An Overview of Texas Crop Production
For the farmers, ranchers and investors out there who are wanting to purchase property in the Lone Star State, the knowledge of crop production and the market trends of that production, play an important factor in judging what land to buy and where. Landowners are dealing with a greater number of issues in the 21st century than they ever have before. From new laws to the difference between traditional and non-traditional agricultural outputs to the state of the American economic community – landowners are faced with more than a few questions in regards to what their farm or ranch needs in order to be a success.
It is important to note that crop production in Texas is actually less than 40 percent of the total value of the state’s agricultural output. But when it comes to the crops bringing in the most money
for farmers: cotton, grain sorghum, corn and wheat actually account for a majority of the total crop receipts. That is not to say that hay, vegetables, rice, peanuts and others, should not also be researched. When looking into purchasing land and making the most successful farm possible in Texas, it is important to head into the industry with eyes wide open having a clear understanding of the crops, themselves, as well as the soil additives, water management, wildlife management and more, which comes along with the purchase.
For over a century, cotton has been synonymous with Texas crops. In fact, since around 1880, Texas has been responsible for producing the most, with today’s numbers being approximately one quarter of the entire cotton production in the United States. Being that cotton is the material necessary to operate oil mills, a few textile mills, gins and compresses, Texas cotton is machine harvested, with most of the crop being exported overseas. And with the continuing improvement in technology, the demand for export of Texas cotton continues to grow.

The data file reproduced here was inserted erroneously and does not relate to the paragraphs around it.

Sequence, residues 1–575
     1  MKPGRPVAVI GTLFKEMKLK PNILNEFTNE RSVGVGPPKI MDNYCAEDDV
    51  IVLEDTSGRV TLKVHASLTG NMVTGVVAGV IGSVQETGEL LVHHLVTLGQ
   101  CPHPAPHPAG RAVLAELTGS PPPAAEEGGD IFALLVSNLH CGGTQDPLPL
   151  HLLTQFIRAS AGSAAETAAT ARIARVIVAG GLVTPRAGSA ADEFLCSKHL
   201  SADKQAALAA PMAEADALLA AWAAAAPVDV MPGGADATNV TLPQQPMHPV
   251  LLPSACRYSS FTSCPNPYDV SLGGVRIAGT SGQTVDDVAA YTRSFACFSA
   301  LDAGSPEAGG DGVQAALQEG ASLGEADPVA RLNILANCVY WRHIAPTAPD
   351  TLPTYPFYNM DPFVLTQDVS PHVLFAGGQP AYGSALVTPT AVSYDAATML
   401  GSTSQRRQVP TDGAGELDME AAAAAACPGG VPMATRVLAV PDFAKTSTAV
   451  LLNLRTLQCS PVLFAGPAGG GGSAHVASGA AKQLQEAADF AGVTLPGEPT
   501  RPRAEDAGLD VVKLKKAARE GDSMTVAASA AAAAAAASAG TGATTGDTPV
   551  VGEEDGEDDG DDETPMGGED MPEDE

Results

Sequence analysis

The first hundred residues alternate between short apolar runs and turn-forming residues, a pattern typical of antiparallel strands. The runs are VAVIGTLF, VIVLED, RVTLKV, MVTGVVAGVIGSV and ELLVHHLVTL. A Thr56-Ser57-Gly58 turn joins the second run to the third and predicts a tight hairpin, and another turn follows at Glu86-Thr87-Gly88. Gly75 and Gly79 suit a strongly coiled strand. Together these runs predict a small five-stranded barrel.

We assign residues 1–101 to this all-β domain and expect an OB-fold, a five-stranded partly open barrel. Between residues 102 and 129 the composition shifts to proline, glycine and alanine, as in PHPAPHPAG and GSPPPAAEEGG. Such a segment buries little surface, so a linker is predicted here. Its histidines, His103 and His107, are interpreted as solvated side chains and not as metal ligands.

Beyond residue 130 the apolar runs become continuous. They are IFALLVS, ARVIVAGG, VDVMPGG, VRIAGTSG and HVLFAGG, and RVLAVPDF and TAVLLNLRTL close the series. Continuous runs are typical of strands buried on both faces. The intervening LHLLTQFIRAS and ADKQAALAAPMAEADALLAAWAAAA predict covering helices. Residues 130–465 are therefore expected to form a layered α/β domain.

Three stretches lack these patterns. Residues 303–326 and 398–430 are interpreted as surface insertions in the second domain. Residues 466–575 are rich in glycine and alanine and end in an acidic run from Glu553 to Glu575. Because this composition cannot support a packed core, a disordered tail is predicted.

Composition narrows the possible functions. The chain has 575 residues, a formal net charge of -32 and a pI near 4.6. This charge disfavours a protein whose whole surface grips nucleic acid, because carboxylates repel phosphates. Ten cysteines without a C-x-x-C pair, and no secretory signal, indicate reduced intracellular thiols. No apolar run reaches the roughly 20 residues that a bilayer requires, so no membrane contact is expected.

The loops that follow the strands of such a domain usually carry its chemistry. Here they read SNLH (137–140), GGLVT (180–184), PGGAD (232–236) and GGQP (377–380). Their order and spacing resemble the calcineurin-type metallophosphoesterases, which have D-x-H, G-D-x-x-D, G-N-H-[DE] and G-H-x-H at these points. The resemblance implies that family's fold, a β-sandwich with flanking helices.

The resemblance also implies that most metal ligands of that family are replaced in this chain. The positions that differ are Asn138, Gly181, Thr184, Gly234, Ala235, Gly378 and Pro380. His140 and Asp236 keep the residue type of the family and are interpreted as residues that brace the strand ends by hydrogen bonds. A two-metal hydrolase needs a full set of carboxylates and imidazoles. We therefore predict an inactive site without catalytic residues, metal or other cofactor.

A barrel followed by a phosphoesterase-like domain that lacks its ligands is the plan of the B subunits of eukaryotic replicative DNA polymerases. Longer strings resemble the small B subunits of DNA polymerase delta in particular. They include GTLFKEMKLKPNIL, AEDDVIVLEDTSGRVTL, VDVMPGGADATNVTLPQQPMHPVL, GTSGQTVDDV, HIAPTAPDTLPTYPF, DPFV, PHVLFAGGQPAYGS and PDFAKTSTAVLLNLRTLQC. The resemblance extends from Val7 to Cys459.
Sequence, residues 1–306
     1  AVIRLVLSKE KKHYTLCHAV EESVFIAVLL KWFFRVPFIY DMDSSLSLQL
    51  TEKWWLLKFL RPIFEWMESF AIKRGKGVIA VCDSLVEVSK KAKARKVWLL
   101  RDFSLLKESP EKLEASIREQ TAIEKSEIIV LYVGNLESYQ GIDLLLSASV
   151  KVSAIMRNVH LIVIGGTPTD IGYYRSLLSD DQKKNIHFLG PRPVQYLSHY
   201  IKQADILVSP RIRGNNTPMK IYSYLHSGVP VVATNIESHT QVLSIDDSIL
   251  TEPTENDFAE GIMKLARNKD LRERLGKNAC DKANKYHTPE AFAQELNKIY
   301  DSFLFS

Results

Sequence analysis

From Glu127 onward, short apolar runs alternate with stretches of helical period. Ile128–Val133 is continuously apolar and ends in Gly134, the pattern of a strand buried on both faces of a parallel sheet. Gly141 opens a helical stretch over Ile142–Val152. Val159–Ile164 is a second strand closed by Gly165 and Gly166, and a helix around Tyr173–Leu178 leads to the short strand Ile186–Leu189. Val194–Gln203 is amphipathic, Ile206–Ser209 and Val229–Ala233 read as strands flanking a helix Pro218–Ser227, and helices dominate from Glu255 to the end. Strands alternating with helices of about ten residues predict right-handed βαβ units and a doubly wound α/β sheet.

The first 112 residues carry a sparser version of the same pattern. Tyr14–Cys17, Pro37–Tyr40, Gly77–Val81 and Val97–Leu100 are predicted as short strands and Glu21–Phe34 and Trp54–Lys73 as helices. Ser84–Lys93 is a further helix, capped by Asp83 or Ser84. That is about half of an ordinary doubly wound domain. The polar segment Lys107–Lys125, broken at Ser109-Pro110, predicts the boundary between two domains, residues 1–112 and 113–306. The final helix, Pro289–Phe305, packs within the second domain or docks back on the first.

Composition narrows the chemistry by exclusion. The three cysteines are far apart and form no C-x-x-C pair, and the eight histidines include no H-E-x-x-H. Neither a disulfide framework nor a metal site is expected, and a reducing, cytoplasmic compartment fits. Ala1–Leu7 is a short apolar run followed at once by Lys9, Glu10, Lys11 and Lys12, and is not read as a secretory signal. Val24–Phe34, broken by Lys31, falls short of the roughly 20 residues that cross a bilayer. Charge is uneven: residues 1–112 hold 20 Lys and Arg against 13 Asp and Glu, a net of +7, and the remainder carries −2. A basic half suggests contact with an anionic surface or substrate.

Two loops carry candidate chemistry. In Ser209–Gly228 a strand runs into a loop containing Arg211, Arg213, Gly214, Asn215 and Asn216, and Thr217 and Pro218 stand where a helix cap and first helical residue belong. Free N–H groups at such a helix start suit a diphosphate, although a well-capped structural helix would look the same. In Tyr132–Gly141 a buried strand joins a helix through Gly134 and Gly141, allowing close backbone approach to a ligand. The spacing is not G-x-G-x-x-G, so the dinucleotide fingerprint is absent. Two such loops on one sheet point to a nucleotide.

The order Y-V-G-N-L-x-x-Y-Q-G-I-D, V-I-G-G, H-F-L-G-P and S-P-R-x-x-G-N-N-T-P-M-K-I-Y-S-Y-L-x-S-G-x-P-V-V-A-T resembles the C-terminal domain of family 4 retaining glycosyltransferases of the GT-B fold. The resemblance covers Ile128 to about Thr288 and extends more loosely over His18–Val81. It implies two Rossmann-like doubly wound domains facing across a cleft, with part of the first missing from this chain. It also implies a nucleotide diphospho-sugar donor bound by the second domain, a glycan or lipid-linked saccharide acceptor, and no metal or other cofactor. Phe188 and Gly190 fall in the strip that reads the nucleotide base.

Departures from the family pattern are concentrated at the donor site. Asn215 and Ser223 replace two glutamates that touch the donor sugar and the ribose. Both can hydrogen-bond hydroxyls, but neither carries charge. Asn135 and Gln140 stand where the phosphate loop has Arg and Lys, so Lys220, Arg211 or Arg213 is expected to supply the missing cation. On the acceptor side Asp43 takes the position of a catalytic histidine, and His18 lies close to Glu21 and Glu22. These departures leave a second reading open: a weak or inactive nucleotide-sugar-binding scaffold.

If interested in the production of corn crops, yields have improved greatly for decades, considering the new varieties being produced. Grain sorghum, again, is a crop mostly exported, in addition to
being used in livestock and poultry feed throughout the state. The demand for corn has reached even higher proportions because of ethanol production.
Moving on to Texas wheat, farmers should note that this has become one of the most valuable cash crops over time. Wheat pastures are also utilized to improve the value of the landowner’s cattle, considering it provides the perfect amount of winter forage for the livestock being managed.
The area near Sherman, Texas can claim the first wheat crop production until it eventually became more extensive, moving farther and wider into North-Central Texas as farmers and ranchers increased settlements. In present day, almost half of the state’s wheat acreage is found on the High Plains with about a third being irrigated. And with the constant discovery and development of new and improved varieties that offer far more disease resistance, these crops have expanded into other Texas areas.
One more thing important for farmers to take note of is the fact that production of nursery crops are also expanding, which means foliage plants, sod, landscape and bedding plants are being demanded more and more often. Texas A&M AgriLife Extension specialists have shown the increase in figures when it comes to Texas nursery crops growing in size and value. After all, improving landscapes indoors is just as desirable as rejuvenating habitats outside the windows.
In the end, data necessary for the landowner to be successful comes from skilled and experienced people in the industry. And for buyers and sellers in the states of both Oklahoma and Texas, those experienced minds make up the team of Republic Ranches, LLC.
Original Source: Republic Ranches.com